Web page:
The 1939 Tour de France was the 33rd edition of the Tour de France, taking place from 10 to 30 July. The total distance was 4,224 km (2,625 mi).
Taking place on the eve of World War II, there was already much animosity in Europe. Italy, Germany and Spain all declined to send teams to the race, so the 1938 Italian champion Gino Bartali would not be defending his title. To fill out the ranks, Belgium sent two teams, and France had five teams. This would be the final Tour for eight years, until 1947.
Between the second and the seventh stage, the last rider in the general classification was eliminated.
The race was won by Belgian Sylvère Maes who also won the mountains classification.
For the first time, a mountain time trial was scheduled: stage 16b. A rule was added to make it more difficult to finish the race: from the second stage to the seventh stage, the last rider in the classification was to be removed from the race.
The nutrition of the cyclists became more professional: cyclists were reporting that the use of vitamins increased their performance.
Because Italy, Germany and Spain did not send teams, the Tour organisation were short on participating cyclists. To solve this, they allowed Belgium to send two teams, and France to send four additional regional teams.
The French cyclists had been successful in the 1930s, but their Tour winners were absent in 1939: 1930 and 1932 winner André Leducq had retired in 1938, as had 1931 and 1934 winner Antonin Magne; 1933 winner Georges Speicher did not ride, and 1937 winner Roger Lapébie was injured. This all made the Belgian team favourite.
The teams entering the race were:
In the first stage, regional Amedée Fournier won the sprint of a group of nine cyclists, and was the first cyclist in 1939 to wear the yellow jersey. In the next stage, Romain Maes, who had finished in the same group as Fournier, won the time trial, and captured the lead. He lost it in the second part of that stage, when a group got away. Three regional riders were now on top of the general classification, led by Jean Fontenay.
René Vietto, leader of the regional South-East team, was in second place. In the fourth stage, Vietto got into the winning break, and took over the lead, closesly followed by Mathias Clemens on six seconds.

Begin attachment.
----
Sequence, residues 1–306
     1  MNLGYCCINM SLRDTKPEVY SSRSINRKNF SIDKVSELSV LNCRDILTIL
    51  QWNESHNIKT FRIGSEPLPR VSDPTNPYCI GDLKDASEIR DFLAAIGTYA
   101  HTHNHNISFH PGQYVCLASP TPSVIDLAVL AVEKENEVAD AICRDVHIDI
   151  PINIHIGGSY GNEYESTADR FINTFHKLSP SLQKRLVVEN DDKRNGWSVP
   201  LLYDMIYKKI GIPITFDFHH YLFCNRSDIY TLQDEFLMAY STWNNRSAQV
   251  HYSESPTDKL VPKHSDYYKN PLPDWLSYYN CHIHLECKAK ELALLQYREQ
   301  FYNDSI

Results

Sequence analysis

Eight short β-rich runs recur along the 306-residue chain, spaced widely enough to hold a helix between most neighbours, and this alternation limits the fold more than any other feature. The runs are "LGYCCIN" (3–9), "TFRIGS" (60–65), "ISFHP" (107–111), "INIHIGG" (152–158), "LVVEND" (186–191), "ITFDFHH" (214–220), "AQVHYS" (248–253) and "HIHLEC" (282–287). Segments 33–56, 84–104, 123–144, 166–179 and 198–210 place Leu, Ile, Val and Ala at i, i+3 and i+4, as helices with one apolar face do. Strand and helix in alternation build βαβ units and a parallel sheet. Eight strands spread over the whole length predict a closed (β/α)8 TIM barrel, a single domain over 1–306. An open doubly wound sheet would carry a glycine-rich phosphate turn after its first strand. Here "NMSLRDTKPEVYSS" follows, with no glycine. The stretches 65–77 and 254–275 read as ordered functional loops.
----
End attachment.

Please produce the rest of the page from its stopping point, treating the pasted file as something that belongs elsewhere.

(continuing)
In the ninth stage, the single Pyrénées stage of 1939, Edward Vissers attacked instead of helping his team leader Sylvère Maes. Vissers won the stage, but Vietto was able to stay with Maes. Maes climbed to the second place in the general classification, three minutes behind Vietto.
Maes was able to win back a little time, and just before the Alps were climbed from stage 15 on, Vietto was still leading, with Maes still in second place, two minutes behind. Sylvère Maes attacked on that stage, and Vietto was not able to follow. Vietto finished 17 minutes behind Maes, and lost the lead. The next stage was split in three split stages. In the first part, Vietto was able to stay close to Maes, but in the second part, the individual mountain time trial, Maes won ten minutes on Vietto. Maes was now leading with a margin of 27 minutes, and the victory seemed secure.
In the last stages, Maes was able to extend his lead with a few more minutes. Maes became the winner, with a margin of more than half an hour.
The time that each cyclist required to finish each stage was recorded, and these times were added together for the general classification. If a cyclist had received a time bonus, it was subtracted from this total; all time penalties were added to this total. The cyclist with the least accumulated time was the race leader, identified by the yellow jersey. Of the 79 cyclists that started the race, 49 finished.
For the mountains classification, 10 mountains were selected by the Tour organisation. The mountains classification in 1939 was won by Sylvère Maes. The first cyclist to reach the top received 10 points, the second cyclist 9 points, and so on until the tenth cyclist who received 1 point.
The team classification was calculated in 1939 by adding up the times of the best three cyclists of a team; the team with the least time was the winner. In 1939, there were ten teams of eight cyclists. There were the national teams of Belgium, Switzerland, Luxembourg, Netherlands, and France. Belgium also sent a second team, "Belgium B". Finally, there were four regional French teams: North-East, West, South-West and South-East. The South-West team was registered with eight cyclist, but only seven cyclists started the race. Only two of the South-West cyclists finished the race, so they were not in the team classification.
Although he did not win the race, René Vietto became a popular cyclist. He was the most popular runner-up in France until Raymond Poulidor.
The sales of the organising newspaper l'Auto had dropped to 164000, and the newspaper was sold to Raymond Patenôtre. A few months after Germany had conquered France in the Second World War, Patenôtre sold l'Auto to the Germans.
Directly after the Tour, the organisation announced the 1940 Tour de France would be run in 20 stages and five rest days. But the Second World War made it impossible to hold a Tour de France in the next years, although some replacing races were held. Only in 1947 would the Tour be held again, and Vietto would again play an important role then, holding the yellow jersey as leader of the general classification for 15 of the 21 stages.
The victory of Maes would be the last Belgian Tour victory for 30 years, until Eddy Merckx won the 1969 Tour de France.